Associative polymers contain sticky groups along the chain that can reversibly bind through weak chemical or physical interactions to form a space-spanning gel network. The reversibility of the cross-links imparts these materials with intriguing properties, including stimuli-responsive and self-healing abilities. However, a fundamental understanding of chain dynamics within the network is limited due to the complex interplay between sticker association and strand relaxation. Using a combination of light and neutron scattering, fluorescence microscopy, and molecular simulation, we are studying self-diffusion and stress relaxation in various associative networks, including coiled-coil proteins and metal-coordination polymers. We also built our own rheo-fluorescence instrument for simultaneously measuring mechanical response and bond state in different polymer networks . We have recently shown that chains undergo several distinct regimes of anomalous diffusion on length scales from 1-100 times the molecular size, where the scaling of diffusion time and length-squared deviates from Fick’s law. Currently, we are focusing on the effect of polymer architecture, sticker density and clustering, and binding kinetics on chain diffusion across various length scales. Elucidating the mechanisms that govern molecular diffusion and overall network response can enable the design of materials for diverse applications, such as self-healing coatings, drug-encapsulating hydrogels, and tissue engineering scaffolds.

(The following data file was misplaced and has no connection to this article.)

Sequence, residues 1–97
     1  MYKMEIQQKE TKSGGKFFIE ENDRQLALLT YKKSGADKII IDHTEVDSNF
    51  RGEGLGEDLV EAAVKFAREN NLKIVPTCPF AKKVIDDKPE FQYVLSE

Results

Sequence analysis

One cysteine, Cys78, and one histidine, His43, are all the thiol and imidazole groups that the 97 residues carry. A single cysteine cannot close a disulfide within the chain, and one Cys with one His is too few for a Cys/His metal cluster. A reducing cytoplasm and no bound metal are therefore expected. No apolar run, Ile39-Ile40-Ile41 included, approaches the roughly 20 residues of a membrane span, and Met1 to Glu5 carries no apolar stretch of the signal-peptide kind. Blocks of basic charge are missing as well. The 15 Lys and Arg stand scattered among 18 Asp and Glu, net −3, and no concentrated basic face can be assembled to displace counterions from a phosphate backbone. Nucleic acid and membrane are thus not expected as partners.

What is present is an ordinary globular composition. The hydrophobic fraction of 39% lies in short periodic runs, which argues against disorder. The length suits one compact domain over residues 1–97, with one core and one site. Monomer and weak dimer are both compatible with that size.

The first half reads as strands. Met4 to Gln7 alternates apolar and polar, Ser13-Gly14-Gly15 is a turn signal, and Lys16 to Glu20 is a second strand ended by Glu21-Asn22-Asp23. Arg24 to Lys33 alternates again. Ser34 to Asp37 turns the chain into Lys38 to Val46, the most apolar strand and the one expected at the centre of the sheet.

1. Sing, M. K., Burghardt, W. R., & Olsen, B. D. (2018). Influence of End-Block Dynamics on Deformation Behavior of Thermoresponsive Elastin-like Polypeptide Hydrogels. Macromolecules, 51(8), 2951-2960. Link
2. Tang, S., Wang, M., & Olsen, B. D. (2015). Anomalous self-diffusion and sticky Rouse dynamics in associative protein hydrogels. Journal of the American Chemical Society, 137(11), 3946-3957. Link
3. Ramirez, J., Dursch, T. J., & Olsen, B. D. (2018). A molecular explanation for anomalous diffusion in supramolecular polymer networks. Macromolecules, 51(7), 2517-2525. Link